After the ascent he returned to Te Rapa where he met a very angry Te Heuheu (Te Heuheu Tukino II), who upbraided him for climbing the mountain. The party, however, returned safely to Rotorua whence, after a further stay, they made their way to Tauranga on 24 March carefully avoiding a Waikato war party. Bidwill continued on to Te Aroha, Waihou, Matamata, and Tauranga before joining the missionary vessel Columbine on the first stage of his return to Sydney. He had successfully completed a bold and determined journey aided, certainly, by a fortunate conjunction of circumstances, but, so far as the Ngauruhoe climb was concerned, to be repeated once only during the next 30 years.
Business interests provided the excuse for another New Zealand journey in August 1840, this time to Port Nicholson, which enabled him to provide a postscript to Rambles in New Zealand, published the following year. Despite his comparatively brief visit and lack of knowledge of Maori, Bidwill formed balanced and judicious impressions, while his observations on the flora and Maori agriculture are still significant. The specimens he had collected, including those from Ngauruhoe, the first from any alpine terrain in New Zealand, were sent to Lindley, who, however, failed to publish them, although some duplicates were sent to Sir William Hooker at Kew.
Bidwill returned to England in the second half of 1843, presumably in connection with family business interests, but left again for Australia on the Arachne, this time with his sister Mary. In February 1845 he left for Tahiti, where he spent a year, returning to Australia. In September 1847 he was appointed Government Botanist and Director of the Sydney Botanic Garden, but was replaced in January 1848 by Charles Moore, a Colonial Office appointee.
It was immediately after this, in March 1848, that he paid his last visit to New Zealand, this time to Nelson, where he botanised around the town and extensively at the head of the Motupiko in the Top-house area. It is clear from letters to Hooker at Kew that he climbed to about 6,000 ft in two areas to which he gives the name “Morses (?) Mountain” and “Cypress Mountain”, perhaps in the St. Arnaud Range and to the northward in the Red Hill district. Probably one of the first Europeans to ascend above the bush line in these areas, he intended to send Hooker “a short sketch of my late trip in New Zealand which… you might be able to publish.” Regrettably, however, it appears not to have been written.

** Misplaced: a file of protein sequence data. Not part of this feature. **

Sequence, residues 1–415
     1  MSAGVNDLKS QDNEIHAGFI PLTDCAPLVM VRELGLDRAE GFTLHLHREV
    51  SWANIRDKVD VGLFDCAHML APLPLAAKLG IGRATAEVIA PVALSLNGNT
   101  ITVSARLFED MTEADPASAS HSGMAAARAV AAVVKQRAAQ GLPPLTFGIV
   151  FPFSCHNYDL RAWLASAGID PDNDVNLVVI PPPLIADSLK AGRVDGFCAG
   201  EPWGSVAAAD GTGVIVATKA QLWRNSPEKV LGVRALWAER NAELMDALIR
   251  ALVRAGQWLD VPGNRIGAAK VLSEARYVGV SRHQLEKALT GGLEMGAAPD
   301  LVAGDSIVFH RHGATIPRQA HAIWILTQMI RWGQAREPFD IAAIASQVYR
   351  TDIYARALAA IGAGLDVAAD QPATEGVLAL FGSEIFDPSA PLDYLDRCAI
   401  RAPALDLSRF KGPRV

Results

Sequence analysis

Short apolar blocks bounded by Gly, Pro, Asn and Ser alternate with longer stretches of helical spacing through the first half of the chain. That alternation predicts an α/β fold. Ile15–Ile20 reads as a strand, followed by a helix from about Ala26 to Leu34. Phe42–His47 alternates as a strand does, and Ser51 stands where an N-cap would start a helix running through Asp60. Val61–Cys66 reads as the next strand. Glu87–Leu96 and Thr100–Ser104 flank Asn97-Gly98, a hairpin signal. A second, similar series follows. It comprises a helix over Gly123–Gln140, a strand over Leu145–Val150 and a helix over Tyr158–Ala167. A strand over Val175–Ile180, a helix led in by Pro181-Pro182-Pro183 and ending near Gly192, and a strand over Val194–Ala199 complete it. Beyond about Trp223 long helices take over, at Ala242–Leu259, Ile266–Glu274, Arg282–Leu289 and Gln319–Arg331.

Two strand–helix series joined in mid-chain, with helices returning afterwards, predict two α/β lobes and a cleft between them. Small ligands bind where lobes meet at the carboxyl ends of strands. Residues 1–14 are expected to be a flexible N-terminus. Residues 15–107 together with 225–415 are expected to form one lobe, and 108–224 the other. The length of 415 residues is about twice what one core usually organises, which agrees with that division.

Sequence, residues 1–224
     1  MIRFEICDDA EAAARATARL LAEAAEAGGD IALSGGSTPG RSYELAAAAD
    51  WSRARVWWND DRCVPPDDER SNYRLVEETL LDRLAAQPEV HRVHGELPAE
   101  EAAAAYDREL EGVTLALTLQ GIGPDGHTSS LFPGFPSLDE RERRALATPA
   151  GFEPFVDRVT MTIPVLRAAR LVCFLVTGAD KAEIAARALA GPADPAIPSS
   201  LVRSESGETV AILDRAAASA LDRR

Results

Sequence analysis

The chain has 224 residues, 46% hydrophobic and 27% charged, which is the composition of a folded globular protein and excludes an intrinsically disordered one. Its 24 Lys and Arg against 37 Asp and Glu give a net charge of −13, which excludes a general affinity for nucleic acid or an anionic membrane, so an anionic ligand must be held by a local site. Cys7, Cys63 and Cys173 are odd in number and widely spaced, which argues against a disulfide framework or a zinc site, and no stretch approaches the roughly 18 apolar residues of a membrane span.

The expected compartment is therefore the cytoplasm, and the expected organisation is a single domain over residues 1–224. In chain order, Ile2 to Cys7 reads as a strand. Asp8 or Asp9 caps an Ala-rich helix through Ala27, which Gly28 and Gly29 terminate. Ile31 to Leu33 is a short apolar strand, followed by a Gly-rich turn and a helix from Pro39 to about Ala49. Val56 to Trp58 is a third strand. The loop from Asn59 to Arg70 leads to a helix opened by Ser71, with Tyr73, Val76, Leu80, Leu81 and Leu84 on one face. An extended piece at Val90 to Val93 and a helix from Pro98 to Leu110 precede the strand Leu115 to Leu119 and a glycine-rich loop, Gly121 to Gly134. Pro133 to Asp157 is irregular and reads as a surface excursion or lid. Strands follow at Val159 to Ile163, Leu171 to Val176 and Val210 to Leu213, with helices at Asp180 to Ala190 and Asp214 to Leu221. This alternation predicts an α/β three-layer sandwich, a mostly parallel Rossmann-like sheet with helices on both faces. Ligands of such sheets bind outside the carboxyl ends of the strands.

On his return to Australia he was appointed Commissioner of Crown Lands at Wide Bay. He was reported to have discovered gold at Gympie. In 1853, after an exhausting journey between Wide and Moreton Bays, he fell critically ill from the effects of starvation and died. In both countries he was one of the most assiduous collectors of plants, normally sending his collections to Kew, corresponding with Sir William Hooker, and accompanying his son J. D. Hooker, then a naturalist on the Erebus and Terror expedition, on excursions around Port Jackson. J. D. Hooker in the Flora Novae-zelandiae quotes Bidwill as the collector of about 90 species, of which 60 were from the South Island, while in the Handbook of the New Zealand Flora (1864) he cites Bidwill as the first explorer of the Southern Alps “making extensive and very important collections on the Nelson mountains….” Many well known alpine plants were discovered by him, while his name is perpetuated in the bog pine Dacrydium bidwilli, the small alpine perennial Forstera bidwilli, and a number of others.
by Austin Graham Bagnall, M.A., A.L.A., Librarian, National Library Centre, Wellington.
- Correspondence with Sir W. J. Hooker, (MSS), Library of the Royal Botanic Garden, Kew
- Bidwill Family Bible, Turnbull Library
- Rambles in New Zealand, Bidwill, J. C. (1952).